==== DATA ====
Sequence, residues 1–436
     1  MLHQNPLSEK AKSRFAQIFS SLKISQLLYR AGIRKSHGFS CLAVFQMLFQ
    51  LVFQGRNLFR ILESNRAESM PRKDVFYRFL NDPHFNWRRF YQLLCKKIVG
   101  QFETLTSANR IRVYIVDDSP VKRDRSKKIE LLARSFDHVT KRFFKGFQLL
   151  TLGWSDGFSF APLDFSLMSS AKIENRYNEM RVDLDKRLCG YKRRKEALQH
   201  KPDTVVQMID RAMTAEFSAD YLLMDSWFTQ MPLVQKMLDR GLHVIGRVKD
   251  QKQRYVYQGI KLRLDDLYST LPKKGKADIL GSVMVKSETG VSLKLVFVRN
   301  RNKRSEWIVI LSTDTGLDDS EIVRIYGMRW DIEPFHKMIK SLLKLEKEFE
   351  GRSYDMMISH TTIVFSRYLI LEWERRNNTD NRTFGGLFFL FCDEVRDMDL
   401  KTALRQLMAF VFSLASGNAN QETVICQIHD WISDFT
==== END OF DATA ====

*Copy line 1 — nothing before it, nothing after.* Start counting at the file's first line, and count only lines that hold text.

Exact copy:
Sequence, residues 1–436